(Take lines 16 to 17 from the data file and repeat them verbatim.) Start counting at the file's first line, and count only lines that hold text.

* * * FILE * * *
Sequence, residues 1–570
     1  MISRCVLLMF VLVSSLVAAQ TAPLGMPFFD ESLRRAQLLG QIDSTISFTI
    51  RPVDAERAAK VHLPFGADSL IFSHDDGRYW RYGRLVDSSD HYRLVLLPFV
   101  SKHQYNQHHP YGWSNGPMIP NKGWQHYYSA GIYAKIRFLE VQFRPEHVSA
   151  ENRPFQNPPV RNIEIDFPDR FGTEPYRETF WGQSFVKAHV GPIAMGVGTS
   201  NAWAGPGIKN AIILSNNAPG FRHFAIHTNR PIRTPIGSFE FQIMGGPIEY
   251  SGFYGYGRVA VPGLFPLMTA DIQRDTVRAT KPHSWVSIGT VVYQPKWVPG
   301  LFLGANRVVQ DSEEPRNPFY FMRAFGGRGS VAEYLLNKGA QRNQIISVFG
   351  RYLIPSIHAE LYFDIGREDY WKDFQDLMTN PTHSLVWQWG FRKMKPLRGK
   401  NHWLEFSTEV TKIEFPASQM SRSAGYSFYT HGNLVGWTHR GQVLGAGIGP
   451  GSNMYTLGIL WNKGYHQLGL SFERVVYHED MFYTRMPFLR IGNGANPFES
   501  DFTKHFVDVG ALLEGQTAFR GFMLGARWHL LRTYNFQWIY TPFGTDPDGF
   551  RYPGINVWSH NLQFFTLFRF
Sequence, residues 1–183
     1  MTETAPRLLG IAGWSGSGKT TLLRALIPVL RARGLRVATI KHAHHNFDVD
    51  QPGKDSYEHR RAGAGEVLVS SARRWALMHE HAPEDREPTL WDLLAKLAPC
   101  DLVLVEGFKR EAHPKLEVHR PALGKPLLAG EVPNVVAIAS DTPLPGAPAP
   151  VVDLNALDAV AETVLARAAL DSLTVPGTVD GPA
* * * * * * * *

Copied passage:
    51  QPGKDSYEHR RAGAGEVLVS SARRWALMHE HAPEDREPTL WDLLAKLAPC
   101  DLVLVEGFKR EAHPKLEVHR PALGKPLLAG EVPNVVAIAS DTPLPGAPAP